Through compassion, we understand that the various internal parts have positive intentions. Compassion is the best antidote to inner criticism.
- Try to understand it
- Be curious about why it has showed up
- Think about what is it trying to communicate
- Try to connect with our Self
Doing all these steps will help us calm our inner critic that lives within all of us.
Most of the time we realize that the inner critic wants to protect us from pain or, paradoxically, tries to help us feel good about ourselves.
Some of these parts may have a distorted perception of situations or they may exaggerate dangers. For example, maybe because we have failed an exam once, the internal critic shows up to tell us that we will always fail and that we are not good enough. This distortion is based on past experiences, but deep down, it has the purpose to protect us.
The key is to change the critical voice for a compassionate voice.
Since the parts are like different people within us, we can try to:
In therapy, we welcome all of our parts with curiosity and compassion, trying to understand them from our wise and grounded adult Self.
Please share in the comments if you have a hard time giving compassion to your inner critic!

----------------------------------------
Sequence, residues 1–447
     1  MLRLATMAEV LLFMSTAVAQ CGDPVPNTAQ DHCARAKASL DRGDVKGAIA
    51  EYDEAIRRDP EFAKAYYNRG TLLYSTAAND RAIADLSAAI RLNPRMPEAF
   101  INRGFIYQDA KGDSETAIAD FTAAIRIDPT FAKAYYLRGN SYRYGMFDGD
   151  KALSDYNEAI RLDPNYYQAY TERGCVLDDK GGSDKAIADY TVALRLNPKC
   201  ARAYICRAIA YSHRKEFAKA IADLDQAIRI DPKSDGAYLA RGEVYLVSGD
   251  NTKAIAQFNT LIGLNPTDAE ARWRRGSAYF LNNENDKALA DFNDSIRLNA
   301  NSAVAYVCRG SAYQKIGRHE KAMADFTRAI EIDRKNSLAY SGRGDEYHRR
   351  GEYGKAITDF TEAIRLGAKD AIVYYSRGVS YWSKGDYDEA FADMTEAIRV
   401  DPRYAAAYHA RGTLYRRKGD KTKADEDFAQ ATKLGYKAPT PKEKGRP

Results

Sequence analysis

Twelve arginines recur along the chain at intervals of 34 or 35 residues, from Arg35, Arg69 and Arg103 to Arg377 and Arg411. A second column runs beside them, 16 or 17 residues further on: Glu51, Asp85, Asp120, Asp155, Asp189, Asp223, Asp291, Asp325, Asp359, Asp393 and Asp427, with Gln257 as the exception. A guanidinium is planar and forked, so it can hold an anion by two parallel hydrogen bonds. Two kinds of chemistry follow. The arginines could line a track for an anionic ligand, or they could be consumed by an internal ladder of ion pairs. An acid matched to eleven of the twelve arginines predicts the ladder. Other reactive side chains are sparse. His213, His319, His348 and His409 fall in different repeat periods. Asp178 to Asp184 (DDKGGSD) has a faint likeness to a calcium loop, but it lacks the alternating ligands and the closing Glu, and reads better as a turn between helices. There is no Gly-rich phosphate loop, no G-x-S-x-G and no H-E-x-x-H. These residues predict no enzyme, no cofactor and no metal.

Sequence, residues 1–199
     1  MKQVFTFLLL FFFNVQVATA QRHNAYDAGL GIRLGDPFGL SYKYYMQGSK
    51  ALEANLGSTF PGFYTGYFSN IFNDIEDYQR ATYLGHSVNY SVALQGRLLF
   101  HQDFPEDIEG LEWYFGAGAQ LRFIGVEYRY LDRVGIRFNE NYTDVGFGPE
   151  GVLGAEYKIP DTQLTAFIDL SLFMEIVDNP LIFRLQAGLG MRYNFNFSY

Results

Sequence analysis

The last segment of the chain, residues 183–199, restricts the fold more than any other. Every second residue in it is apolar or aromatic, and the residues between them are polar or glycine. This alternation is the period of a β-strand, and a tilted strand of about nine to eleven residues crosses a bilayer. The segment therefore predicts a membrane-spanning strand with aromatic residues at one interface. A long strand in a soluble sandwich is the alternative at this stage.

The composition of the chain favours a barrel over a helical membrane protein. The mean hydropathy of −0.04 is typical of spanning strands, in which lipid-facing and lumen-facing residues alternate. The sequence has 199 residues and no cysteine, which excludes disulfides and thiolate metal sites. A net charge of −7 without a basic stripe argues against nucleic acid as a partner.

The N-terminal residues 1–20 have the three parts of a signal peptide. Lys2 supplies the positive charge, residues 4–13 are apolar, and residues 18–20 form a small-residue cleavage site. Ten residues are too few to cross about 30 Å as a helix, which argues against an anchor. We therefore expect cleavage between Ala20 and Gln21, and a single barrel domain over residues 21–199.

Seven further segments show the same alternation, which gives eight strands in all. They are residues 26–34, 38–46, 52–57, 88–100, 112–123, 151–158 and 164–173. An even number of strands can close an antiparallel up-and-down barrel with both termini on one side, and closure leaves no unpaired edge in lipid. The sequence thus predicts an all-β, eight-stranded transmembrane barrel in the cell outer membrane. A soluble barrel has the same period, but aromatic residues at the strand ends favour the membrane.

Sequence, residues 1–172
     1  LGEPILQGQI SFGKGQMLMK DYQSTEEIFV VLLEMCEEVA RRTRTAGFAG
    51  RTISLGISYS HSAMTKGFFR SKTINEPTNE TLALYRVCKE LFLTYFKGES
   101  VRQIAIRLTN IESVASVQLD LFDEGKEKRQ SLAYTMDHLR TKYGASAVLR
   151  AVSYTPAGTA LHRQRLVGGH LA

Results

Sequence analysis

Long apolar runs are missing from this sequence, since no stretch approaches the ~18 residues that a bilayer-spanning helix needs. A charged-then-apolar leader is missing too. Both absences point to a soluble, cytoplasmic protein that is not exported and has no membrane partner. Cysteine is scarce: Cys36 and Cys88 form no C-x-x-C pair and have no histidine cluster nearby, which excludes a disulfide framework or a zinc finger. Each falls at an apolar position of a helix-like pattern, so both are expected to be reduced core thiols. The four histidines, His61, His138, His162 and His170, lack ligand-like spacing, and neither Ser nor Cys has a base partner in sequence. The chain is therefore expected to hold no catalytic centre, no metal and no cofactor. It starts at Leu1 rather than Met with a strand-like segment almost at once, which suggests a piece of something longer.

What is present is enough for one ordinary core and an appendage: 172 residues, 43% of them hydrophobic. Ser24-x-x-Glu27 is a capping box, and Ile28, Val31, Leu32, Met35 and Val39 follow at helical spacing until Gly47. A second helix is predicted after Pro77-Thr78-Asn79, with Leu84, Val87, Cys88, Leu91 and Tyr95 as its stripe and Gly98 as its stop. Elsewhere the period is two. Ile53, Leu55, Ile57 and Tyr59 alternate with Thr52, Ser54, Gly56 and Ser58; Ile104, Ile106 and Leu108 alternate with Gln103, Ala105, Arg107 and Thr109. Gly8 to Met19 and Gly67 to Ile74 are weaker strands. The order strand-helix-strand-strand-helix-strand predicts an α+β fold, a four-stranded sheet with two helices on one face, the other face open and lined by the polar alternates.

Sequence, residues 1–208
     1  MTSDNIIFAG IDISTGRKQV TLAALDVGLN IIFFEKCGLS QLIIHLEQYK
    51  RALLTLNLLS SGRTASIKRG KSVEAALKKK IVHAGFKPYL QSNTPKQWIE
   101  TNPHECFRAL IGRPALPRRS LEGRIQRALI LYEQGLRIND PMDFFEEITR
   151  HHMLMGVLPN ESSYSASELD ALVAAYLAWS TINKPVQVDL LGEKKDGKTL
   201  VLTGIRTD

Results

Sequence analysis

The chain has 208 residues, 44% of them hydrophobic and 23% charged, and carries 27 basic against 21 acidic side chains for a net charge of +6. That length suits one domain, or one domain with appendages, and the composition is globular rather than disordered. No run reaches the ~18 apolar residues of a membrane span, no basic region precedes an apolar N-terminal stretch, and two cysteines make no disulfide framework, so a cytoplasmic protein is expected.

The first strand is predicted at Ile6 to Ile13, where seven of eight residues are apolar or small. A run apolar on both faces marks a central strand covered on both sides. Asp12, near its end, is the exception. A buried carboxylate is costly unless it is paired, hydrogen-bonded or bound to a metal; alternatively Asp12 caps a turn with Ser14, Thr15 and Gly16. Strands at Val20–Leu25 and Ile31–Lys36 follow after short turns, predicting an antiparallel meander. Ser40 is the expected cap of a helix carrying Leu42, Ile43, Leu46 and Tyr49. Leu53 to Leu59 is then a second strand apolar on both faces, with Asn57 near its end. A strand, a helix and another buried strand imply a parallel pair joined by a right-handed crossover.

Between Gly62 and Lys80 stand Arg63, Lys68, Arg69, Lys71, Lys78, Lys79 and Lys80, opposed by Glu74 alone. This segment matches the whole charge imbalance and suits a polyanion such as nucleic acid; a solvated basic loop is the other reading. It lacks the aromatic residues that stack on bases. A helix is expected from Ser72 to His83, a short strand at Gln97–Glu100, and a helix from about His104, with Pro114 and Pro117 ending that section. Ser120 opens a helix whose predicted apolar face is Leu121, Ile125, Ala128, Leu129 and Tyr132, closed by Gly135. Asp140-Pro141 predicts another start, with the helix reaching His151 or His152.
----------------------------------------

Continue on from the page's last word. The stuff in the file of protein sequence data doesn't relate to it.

I would love to read about your experience.
Boundaries are protective limits between oneself and others. We all have a limit to what is safe and appropiate. Boundaries help define ourselves as separate individuals (where one ends and where the other begins), with unique needs and wants. When we learn to set healthy boundaries we empower ourselves to determine how we want to be treated by others, and we develop a clearer sense of self.
💢Boundaries are critical to our sense of self-worth and help us connect with our true selves.
💕They help us to build authentic healthy relationships where we feel free and accepted for who we really are.
🙅Boundaries help us to protect ourselves by identifying what is acceptable and what is not; what we need and what we do not.
⚠️The ultimate goal of boundaries is safety. Setting clear boundaries with others allows us to stay in a physiologically and emotionally balanced state, calm and regulated.